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Walt Whitman to David McKay, 27 December 1888

I have no objection to this going in Miss Gould's little book1—no objection at all, but no vehement desire either—If you can include it conveniently, do so; if not, not—I am feeling easier and freer the last four days.

Walt Whitman

David McKay (1860–1918) took over Philadelphia-based publisher Rees Welsh's bookselling and publishing businesses in 1881–82. McKay and Rees Welsh published the 1881 edition of Leaves of Grass after opposition from the Boston District Attorney prompted James R. Osgood & Company of Boston, the original publisher, to withdraw. McKay also went on to publish Specimen Days & Collect, November Boughs, Gems from Walt Whitman, Complete Prose Works, and the final Leaves of Grass, the so-called deathbed edition. For more information about McKay, see Joel Myerson, "McKay, David (1860–1918)," Walt Whitman: An Encyclopedia, ed. J.R. LeMaster and Donald D. Kummings (New York: Garland Publishing, 1998).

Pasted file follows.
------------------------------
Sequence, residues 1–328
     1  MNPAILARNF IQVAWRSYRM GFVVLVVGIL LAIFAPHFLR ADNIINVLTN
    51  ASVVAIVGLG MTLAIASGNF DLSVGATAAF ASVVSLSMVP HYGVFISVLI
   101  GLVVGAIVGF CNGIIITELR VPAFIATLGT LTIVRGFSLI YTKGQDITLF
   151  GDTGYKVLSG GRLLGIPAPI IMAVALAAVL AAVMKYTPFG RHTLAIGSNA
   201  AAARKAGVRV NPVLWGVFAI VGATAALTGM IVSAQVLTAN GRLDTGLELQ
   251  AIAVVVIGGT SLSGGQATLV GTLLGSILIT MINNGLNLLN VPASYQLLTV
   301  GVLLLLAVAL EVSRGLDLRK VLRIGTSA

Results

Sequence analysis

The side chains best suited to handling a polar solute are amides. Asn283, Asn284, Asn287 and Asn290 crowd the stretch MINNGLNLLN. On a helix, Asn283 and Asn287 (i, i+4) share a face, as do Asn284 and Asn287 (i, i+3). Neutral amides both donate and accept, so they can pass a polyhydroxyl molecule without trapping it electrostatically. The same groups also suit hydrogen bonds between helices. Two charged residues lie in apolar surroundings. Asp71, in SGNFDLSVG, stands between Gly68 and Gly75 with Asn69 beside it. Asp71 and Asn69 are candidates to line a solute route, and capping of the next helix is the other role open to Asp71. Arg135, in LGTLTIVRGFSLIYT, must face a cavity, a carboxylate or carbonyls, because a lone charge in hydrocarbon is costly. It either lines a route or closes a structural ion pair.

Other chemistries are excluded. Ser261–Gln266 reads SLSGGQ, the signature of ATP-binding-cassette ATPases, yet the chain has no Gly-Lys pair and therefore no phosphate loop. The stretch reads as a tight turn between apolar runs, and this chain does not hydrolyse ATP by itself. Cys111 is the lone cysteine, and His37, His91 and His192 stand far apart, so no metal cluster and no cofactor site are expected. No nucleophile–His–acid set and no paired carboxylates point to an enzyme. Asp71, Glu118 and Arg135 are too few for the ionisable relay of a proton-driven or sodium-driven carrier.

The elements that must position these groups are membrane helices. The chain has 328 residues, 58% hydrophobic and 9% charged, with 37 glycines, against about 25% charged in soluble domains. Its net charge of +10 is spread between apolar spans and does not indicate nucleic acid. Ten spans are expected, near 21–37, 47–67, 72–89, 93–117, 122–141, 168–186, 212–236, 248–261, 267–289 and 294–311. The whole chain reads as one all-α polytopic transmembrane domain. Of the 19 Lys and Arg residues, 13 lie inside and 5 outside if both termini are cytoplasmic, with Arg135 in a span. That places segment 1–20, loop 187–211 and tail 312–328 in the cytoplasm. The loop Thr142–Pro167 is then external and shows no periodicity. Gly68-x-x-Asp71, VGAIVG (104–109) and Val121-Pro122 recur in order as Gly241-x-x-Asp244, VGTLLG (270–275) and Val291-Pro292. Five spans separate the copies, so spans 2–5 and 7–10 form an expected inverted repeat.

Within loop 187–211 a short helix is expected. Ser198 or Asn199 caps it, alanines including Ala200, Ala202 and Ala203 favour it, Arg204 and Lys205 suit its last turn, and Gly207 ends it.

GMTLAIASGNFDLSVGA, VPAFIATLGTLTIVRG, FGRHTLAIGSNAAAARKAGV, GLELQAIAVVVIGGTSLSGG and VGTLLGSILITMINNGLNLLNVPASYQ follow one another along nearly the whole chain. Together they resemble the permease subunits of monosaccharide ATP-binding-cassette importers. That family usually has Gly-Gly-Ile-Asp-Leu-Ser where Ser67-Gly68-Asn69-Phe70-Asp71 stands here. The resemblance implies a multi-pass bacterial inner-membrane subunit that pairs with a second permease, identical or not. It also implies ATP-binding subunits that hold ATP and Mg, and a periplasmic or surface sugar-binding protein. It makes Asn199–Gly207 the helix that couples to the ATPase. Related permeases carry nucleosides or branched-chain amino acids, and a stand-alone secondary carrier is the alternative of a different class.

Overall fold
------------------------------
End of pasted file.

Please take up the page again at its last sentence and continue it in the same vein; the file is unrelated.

• 1. David McKay published Elizabeth Porter Gould's Gems from Walt Whitman in 1889. To Traubel the poet observed: "These gems, extracts, specimens, tid-bits, brilliants, sparkles, chippings—oh, they are all wearisome: they might go with some books: yes, they fit with some books—some books fit with them: but Leaves of Grass is different—yields nothing to the seeker for sensations" (Horace Traubel, With Walt Whitman in Camden, Thursday, December 27, 1888). See also Friday, December 28, 1888. [back]
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